Paul Merage School of Business professors, David Hirshleifer and Siew Hong Teoh, were recently featured in Forbes for the paper they co-authored with Angie Low entitled, “Are Overconfident CEOs Better Innovators?”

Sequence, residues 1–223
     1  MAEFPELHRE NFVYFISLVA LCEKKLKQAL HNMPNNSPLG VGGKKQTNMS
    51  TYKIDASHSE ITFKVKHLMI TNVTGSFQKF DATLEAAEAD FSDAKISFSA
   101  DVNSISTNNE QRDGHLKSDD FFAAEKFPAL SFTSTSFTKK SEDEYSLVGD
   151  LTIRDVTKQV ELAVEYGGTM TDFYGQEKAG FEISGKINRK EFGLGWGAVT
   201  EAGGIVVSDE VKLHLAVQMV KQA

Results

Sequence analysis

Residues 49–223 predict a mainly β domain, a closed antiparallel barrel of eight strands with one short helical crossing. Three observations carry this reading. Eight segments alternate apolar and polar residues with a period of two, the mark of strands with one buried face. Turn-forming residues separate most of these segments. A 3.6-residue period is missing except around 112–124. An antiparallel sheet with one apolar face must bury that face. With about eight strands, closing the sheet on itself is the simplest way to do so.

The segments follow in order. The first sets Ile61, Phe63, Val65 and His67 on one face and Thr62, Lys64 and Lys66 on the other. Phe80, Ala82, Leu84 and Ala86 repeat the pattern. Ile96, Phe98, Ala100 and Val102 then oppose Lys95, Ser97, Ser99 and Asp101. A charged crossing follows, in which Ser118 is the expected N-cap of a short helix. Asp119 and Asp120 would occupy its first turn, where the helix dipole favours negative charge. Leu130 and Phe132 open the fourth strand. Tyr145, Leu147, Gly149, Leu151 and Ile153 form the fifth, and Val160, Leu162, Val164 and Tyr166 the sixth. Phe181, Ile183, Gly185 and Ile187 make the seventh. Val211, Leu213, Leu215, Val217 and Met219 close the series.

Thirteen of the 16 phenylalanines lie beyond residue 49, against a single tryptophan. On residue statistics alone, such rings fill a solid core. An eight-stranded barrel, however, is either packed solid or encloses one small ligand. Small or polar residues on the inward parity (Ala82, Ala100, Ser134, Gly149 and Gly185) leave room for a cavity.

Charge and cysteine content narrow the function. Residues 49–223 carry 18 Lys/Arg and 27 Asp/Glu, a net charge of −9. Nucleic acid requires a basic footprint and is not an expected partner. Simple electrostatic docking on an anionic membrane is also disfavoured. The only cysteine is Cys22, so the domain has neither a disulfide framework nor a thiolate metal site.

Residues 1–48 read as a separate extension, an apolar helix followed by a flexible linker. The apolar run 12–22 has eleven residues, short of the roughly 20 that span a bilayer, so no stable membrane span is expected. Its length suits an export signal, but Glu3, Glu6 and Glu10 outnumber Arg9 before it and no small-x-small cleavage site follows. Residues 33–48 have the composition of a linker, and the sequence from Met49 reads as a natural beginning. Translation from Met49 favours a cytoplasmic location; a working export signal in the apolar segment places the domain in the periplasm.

ABSTRACT: Previous empirical work on adverse consequences of CEO overconfidence raises the question of why firms hire overconfident managers. Theoretical research suggests a reason, that overconfidence can benefit shareholders by increasing investment in risky projects. Using options- and press-based proxies for CEO overconfidence, we find that over the 1993 to 2003 period, firms with overconfident CEOs have greater return volatility, invest more in innovation, obtain more patents and patent citations, and achieve greater innovative success for given research and development expenditure. Overconfident managers only achieve greater innovation in innovative industries. Our findings suggest that overconfidence help CEOs exploit innovative growth opportunities.